In its first full year of operations as a U.S. third-party logistics operator, Echo Global Logistics took in $33.2 million in gross revenue from 677 customers. That was 2006. Four years later, Echo counted 22,765 customers and $426.4 million in annual revenue.
The enormous growth, which came despite the deepest economic recession in generations, suggests an underlying change in shipping patterns as a result of that downturn and the moves by cost-cutting carriers to put their capacity under tighter control.
In the dash to secure space, more shippers appear to be turning to companies that own few transportation assets, or none at all.
Transportation intermediaries — whether they’re called brokers, freight forwarders, non-vessel-operating cargo carriers or third-party logistics providers — are playing a more prominent role in international trade lanes and shorter line-haul lanes as shippers seek to bring more certainty in their supply chains.
NVOCCs’ share of the U.S. containerized import shipping market grew from 24.8 percent in 2006 to 32.7 percent in 2010, according to figures from Journal of Commerce sister company PIERS, and their share of imports from North Asia jumped from 30.3 percent to 39.9 percent in that time.
The biggest among the forwarders appear to be getting bigger. The Top 10 forwarders’ market share grew from 40 percent in 2006 to 44 percent last year, according to research analyst Transport Intelligence. The largest of them, Kuehne + Nagel, expanded its net profit 11 percent in the first half of 2011. The forwarder’s revenue actually slipped 4 percent, but K+N said that was because of unfavorable currency adjustments, and its ocean volume grew 12 percent over the first half of last year, twice the market growth.
In the United States, where trucking and rail carriers have grown highly disciplined in deploying capacity, intermediaries who have the ability to tap into freight space are growing rapidly. Freight brokers increased their revenue 17.1 percent in the first quarter from the same period a year earlier, the Transportation Intermediaries Association said in its latest quarterly survey. The survey, which included traditional transactional brokers and logistics providers, found U.S. 3PLs grew fastest outside their core truckload business, a sign that shippers are opening more sections of their supply chains to outsourcing.
Logistics companies say they are tapping previously unmined veins of transportation spending as shippers outsource larger portions and multiple strands of their supply chains in a volatile post-recession economy. Some of the growth is simply a push to get one week’s shipments to their destination, but brokers and forwarders say they are taking those transactional deals to deeper levels.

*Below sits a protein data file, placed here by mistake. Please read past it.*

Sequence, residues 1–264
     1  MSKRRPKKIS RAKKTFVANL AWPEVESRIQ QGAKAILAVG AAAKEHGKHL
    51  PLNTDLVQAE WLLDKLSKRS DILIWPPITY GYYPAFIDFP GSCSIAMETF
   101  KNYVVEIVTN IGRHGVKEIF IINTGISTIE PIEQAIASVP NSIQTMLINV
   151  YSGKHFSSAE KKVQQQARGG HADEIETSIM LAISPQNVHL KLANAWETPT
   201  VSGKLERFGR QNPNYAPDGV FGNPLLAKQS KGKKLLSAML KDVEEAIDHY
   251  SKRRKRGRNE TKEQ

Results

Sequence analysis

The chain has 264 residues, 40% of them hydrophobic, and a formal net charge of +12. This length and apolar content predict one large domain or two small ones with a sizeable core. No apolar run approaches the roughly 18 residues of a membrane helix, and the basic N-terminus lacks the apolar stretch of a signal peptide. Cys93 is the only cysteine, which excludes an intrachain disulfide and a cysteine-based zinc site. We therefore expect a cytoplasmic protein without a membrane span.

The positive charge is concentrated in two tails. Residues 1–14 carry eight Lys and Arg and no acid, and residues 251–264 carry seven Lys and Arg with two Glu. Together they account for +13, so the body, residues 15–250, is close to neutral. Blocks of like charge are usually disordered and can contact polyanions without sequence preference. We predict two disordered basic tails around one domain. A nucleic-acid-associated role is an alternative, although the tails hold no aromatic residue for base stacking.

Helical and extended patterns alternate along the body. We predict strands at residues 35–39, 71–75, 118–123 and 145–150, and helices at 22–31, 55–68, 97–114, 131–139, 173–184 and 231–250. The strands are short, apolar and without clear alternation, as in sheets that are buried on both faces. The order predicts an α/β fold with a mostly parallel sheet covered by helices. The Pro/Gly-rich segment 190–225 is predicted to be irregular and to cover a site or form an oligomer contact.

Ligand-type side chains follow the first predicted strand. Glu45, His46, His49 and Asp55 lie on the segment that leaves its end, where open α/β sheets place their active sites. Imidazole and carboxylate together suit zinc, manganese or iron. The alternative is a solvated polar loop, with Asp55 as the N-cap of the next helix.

Echo Global, for example, says the vast majority of its clients were transactional customers of its freight brokerage service, but the number of “enterprise,” or long-term, logistics customers increased 27.6 percent in 2010 from the year before, was up more than fivefold from 2006. In 2010, those 148 enterprise clients accounted for 39 percent of Echo’s revenue.
Douglas R. Waggoner, CEO of the Chicago-based company, said Echo’s expansion represents new business rather than a capturing of market share from competitors. “Almost all of our enterprise business comes from companies that have never outsourced before,” he said. “We don’t go out trying to poach business from 3PL competitors. We have plenty of opportunities without doing that.”
Logistics companies are a long way from having to turn cannibal to gain business. “The market as a whole is so gigantic, it doesn’t take a lot to gain market share,” said Geoff Turner, president and CEO of Choptank Transport, a Preston, Md.-based 3PL and freight broker. “If you’ve got capacity, you can get the freight. There are tons of opportunities out there if you can find the equipment.”
Choptank operates its own fleet and has contracts with some 10,000 truckload carriers offering refrigerated, dry van and flatbed services. The privately owned company is adding 8,000 square feet to its headquarters on Maryland’s Eastern Shore.
“We’re being aggressive but growing at our own pace,” Turner said. “We’ll never be C.H. Robinson,” he said, referring to the $9.3 billion third-party logistics and transportation brokerage giant, “but we’ll continue to move
3PLs have been heading in that direction since the early 1990s, enabling the overseas expansion of supply chains in the first great wave of globalization. As Echo Global’s history shows, they were growing rapidly before the financial collapse in 2008 and global recession in 2009.